A few weeks before its December 7 2007 float, ENRC received a report commissioned from Herbert Smith into a network of sales intermediaries in Russia. This set out evidence the law firm said was uncovered by PwC, ENRC’s auditors, of the falsification of audit data in Russia and the destruction of records relating to cash payments to the three Central Asian oligarchs who still have big stakes in ENRC.

    An adviser involved with ENRC at the time of the listing said the problems with Russian trading were considered by UK Listing Authority while vetting the oligarchs – Alexander Mashkevich, Patokh Chodiev and Alijan Ibragimov – as directors of the company. He said this had been seen as a last-minute hitch to the deal.

    “They [the UKLA] saw a lot of red flags,” he said. The other person familiar with the float said: “[Directors] were told by PwC and the banks that there might be a problem.”

    The Herbert Smith report, part of which has been seen by the FT, stated that Russian sales intermediaries sold $870m of minerals in 2004-2006. It said sales agents collected part of each payment in cash to pass on to the three oligarchs who still have big stakes in ENRC. An employee who collected this money first told Herbert Smith investigators that he had destroyed related records, and later that he had kept none.

    On the issue of audit data, the law firm stated that confirmations of sales figures sent to PwC, supposedly from 32 different businesses, all arrived on the same day, bearing addresses written in the same handwriting and having all been posted at roughly the same time in Moscow.

    According to the report, PwC contacted two purchasers of ENRC commodities that had purportedly sent audit confirmations for 2006. Neither knew anything about it, Herbert Smith concluded.

    Moreover, large volumes of data were wiped from computers in the Moscow office of ENRC, states the report, dated September 25 2007. According to one named witness, a manager “asked employees to leave their computers switched on . . . so that information could be deleted due to the impending IPO”.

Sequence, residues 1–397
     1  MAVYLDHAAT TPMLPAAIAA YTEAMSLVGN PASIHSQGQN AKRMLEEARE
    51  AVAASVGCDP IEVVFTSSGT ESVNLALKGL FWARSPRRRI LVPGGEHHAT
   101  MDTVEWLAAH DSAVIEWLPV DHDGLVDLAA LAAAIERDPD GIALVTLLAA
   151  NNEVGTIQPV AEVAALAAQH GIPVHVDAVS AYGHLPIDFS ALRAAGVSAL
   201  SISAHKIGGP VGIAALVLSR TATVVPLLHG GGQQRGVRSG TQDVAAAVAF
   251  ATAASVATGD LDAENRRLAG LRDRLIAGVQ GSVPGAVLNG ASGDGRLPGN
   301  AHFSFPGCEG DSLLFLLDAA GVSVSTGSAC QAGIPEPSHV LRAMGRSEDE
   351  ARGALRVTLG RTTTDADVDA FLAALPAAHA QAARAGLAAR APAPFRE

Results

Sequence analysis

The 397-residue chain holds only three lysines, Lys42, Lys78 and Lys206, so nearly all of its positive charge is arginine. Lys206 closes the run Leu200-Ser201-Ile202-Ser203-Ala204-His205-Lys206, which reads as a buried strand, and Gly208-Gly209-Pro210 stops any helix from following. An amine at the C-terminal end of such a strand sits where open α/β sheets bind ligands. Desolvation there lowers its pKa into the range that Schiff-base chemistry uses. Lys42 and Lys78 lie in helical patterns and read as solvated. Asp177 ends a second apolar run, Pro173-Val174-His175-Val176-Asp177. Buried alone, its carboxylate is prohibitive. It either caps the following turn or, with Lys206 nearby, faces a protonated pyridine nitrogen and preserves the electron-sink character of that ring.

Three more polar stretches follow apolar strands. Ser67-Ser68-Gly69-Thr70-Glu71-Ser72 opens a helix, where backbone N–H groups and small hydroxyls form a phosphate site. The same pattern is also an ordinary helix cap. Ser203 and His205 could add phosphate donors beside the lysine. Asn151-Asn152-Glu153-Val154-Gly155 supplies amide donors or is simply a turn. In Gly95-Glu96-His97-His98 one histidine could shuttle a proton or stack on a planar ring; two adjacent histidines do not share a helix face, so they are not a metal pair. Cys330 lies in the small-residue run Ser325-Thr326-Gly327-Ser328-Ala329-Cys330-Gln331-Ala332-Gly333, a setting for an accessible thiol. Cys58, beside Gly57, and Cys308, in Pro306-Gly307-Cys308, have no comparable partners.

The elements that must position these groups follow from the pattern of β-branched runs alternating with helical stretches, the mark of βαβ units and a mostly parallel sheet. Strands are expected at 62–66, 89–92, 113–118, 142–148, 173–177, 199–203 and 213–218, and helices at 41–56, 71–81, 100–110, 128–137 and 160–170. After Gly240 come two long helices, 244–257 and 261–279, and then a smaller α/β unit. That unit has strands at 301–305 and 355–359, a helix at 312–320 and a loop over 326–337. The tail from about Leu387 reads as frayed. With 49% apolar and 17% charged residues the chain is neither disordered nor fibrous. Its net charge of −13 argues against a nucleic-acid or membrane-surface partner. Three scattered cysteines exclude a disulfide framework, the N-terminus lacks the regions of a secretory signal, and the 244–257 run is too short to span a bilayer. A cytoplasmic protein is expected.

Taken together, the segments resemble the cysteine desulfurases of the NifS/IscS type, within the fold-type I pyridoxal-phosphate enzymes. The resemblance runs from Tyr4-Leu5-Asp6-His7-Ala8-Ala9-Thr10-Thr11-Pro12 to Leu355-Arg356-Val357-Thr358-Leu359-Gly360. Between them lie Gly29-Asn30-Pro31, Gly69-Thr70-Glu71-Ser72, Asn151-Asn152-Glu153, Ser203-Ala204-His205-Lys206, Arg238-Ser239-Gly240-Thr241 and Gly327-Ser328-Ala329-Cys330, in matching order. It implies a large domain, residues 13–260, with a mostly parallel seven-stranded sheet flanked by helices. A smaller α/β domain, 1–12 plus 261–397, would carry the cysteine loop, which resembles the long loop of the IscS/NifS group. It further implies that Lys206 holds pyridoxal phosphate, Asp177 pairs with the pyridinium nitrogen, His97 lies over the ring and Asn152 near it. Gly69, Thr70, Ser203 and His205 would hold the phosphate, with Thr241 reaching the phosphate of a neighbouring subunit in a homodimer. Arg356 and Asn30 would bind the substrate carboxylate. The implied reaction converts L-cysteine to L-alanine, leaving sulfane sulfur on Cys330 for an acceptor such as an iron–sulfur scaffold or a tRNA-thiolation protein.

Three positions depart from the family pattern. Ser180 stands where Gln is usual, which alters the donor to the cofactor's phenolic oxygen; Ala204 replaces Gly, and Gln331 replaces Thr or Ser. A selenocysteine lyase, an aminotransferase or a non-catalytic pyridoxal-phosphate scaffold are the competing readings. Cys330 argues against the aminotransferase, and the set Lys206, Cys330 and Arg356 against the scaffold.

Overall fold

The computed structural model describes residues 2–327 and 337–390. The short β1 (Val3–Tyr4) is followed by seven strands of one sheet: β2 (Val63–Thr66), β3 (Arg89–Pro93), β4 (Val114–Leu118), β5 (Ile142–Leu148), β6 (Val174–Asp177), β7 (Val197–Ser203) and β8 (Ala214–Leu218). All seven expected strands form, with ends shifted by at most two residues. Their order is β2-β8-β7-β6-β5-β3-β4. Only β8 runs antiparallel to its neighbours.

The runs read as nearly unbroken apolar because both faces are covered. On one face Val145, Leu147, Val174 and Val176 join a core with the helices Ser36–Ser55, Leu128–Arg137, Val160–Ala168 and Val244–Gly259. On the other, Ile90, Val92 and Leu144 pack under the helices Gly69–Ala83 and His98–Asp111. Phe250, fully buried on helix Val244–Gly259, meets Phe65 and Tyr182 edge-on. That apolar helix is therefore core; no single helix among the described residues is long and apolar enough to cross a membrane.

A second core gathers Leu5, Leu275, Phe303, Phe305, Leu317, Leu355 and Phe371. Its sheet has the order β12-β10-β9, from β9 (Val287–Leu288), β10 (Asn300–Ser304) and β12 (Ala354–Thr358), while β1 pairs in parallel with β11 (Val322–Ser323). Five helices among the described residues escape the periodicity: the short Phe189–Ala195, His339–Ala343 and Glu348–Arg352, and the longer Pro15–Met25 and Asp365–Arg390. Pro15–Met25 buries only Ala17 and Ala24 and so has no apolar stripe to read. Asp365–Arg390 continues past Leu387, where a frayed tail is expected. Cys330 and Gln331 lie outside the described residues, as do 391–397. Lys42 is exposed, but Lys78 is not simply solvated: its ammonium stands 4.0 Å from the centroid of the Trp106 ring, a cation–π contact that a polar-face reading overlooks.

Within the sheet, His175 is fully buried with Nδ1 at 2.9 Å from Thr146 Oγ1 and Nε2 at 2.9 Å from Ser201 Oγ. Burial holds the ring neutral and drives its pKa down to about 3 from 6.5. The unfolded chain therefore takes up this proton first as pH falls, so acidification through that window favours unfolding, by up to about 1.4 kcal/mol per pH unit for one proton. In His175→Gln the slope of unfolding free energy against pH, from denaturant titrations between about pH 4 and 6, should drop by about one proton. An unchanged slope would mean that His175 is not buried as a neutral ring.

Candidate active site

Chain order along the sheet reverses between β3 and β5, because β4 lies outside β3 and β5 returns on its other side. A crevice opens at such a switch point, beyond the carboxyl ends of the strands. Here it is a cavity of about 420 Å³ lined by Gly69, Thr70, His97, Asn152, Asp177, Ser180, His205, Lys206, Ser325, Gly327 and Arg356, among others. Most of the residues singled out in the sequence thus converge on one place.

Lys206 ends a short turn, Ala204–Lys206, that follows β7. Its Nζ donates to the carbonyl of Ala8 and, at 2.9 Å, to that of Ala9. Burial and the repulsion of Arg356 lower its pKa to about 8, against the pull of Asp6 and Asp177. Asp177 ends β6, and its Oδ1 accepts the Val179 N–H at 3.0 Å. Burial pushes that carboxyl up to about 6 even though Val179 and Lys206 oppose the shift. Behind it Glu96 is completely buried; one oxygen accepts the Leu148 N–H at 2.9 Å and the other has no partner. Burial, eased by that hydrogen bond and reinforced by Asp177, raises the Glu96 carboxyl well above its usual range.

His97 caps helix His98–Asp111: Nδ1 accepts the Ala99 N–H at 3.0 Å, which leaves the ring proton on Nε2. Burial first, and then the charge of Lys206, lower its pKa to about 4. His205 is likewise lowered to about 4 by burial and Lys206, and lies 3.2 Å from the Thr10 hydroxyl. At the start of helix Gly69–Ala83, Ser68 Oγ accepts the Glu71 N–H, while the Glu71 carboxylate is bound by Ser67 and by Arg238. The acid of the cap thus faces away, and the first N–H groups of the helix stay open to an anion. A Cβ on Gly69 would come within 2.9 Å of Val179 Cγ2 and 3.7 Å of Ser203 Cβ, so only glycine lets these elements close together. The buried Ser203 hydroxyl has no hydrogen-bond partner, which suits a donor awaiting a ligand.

This week, ENRC said the Russian sales network was “thoroughly investigated prior to the IPO, the investigation was closed and all allegations of wrongdoing were dismissed”.

    Deutsche Bank, which advised the company on the float, Herbert Smith, PwC and the UK Listings Authority all declined to comment.

    Herbert Smith found no evidence that ENRC or its management knew about the false audit confirmations or to suggest that, excepting one named employee, “reliance [could] not be placed upon the representations for audit purposes of current management”.

    The flotation went ahead after PwC signed off financial data in the prospectus as “true and fair”. The “historic” Russian sales system is described in detail on page 16, among other “risk factors”. The falsification of audit confirmations is disclosed separately in a single paragraph on page 217 in “Part XIII: Additional Information”, which also states “much” of the deleted data were recovered.